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    Rights statement: © Owner/Author, 2017. This is the author's version of the work. It is posted here for your personal use. Not for redistribution. The definitive Version of Record was published in LIMITS '17 Proceedings of the 2017 Workshop on Computing Within Limits http://dx.doi.org/10.1145/3080556.3080567

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The Limits of Evaluating Sustainability

Research output: Contribution in Book/Report/ProceedingsConference contribution

Published
Publication date22/06/2017
Host publicationLIMITS '17 Proceedings of the 2017 Workshop on Computing Within Limits
Place of PublicationNew York
PublisherACM
Pages103-110
Number of pages8
ISBN (Print)9781450349505
<mark>Original language</mark>English
EventACM LIMITS 2017 - Santa Barbara, United States

Workshop

WorkshopACM LIMITS 2017
Abbreviated titleLIMITS 2017
CountryUnited States
CitySanta Barbara
Period22/06/1724/06/17
Internet address

Workshop

WorkshopACM LIMITS 2017
Abbreviated titleLIMITS 2017
CountryUnited States
CitySanta Barbara
Period22/06/1724/06/17
Internet address

Abstract

Designing technology with sustainability in mind is becoming more and more important, especially considering future scenarios of limited resources where the world’s current lifestyle of wasteful consumption needs to change. But how can researchers believably argue that their solutions are indeed sustainable? How can consumers and technology users reliably acquire, understand, and apply information about environmental sustainability? Those questions are difficult to answer, especially in research domains where the impact on sustainability is not immediately measurable, such as sustainable HCI. The evaluation of sustainability is an ongoing problem that is often glossed over, but we believe the community needs to intensify its efforts to articulate its evaluation methods to other disciplines and external stakeholders. Even if those disciplines and stakeholders understand the importance of designing for sustainability, we need convincing arguments – such as validation through thorough evaluations – to showcase why a specific design solution works in the real world. In this paper, we analyze this problem by highlighting examples of sustainable HCI research in which evaluation of sustainability failed. We also look at previous research that sought to address this issue and discuss how their solutions can be generalized – and when they might fail. While we do not have the final answer, our intention is to start a discussion as to why sustainable HCI research is oftentimes not doing enough to justify the validity of its solutions. We close our paper by suggesting a few examples of what we believe to be potential ways to address those issues and take action to improve the evaluation of sustainability.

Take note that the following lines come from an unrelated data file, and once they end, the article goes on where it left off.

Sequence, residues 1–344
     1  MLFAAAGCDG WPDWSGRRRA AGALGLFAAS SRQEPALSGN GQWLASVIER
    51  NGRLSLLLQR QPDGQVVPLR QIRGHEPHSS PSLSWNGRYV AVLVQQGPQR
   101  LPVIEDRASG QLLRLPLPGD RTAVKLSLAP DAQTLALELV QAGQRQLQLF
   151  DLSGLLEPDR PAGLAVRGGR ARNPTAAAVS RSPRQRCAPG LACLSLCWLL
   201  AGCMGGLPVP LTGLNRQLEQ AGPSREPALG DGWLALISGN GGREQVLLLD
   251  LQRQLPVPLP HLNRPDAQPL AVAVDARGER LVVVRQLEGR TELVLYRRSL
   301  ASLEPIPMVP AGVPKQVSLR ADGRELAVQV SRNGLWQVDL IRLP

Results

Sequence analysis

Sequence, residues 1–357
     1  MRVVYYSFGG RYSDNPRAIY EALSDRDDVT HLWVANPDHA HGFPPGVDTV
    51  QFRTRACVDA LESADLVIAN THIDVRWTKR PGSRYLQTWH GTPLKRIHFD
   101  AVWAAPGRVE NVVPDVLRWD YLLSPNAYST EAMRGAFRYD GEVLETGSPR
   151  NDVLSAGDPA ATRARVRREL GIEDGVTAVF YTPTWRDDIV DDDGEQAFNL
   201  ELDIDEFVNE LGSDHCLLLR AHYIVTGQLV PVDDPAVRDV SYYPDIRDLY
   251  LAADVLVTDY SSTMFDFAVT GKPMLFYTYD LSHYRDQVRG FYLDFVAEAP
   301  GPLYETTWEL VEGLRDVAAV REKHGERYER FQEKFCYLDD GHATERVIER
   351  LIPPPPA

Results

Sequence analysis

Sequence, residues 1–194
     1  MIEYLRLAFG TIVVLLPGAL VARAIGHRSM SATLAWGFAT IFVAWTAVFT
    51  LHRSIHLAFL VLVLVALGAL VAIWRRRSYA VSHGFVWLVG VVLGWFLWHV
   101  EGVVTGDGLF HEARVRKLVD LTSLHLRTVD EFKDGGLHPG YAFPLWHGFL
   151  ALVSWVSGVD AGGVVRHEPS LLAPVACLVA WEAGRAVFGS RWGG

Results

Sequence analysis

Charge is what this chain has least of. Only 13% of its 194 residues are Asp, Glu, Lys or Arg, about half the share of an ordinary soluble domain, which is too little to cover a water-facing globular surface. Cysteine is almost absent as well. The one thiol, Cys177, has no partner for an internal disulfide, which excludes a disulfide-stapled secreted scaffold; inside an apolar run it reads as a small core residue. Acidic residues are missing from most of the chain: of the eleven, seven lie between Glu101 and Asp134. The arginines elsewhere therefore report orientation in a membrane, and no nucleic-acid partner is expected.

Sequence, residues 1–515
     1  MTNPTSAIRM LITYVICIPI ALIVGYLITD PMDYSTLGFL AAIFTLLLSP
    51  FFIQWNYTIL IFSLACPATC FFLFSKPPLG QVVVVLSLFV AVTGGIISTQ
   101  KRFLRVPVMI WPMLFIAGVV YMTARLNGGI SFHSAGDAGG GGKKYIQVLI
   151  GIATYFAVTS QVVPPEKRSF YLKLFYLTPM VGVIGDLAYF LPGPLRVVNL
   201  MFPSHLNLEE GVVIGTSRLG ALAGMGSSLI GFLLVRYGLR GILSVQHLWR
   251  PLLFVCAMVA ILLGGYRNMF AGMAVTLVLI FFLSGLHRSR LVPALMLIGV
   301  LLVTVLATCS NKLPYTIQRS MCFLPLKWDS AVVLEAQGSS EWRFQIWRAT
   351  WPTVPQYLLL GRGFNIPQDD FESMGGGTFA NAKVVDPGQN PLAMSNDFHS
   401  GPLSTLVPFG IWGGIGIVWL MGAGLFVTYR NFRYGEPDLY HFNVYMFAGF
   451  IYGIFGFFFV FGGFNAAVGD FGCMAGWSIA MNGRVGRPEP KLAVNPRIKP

Bibliographic note

© Owner/Author, 2017. This is the author's version of the work. It is posted here for your personal use. Not for redistribution. The definitive Version of Record was published in LIMITS '17 Proceedings of the 2017 Workshop on Computing Within Limits http://dx.doi.org/10.1145/3080556.3080567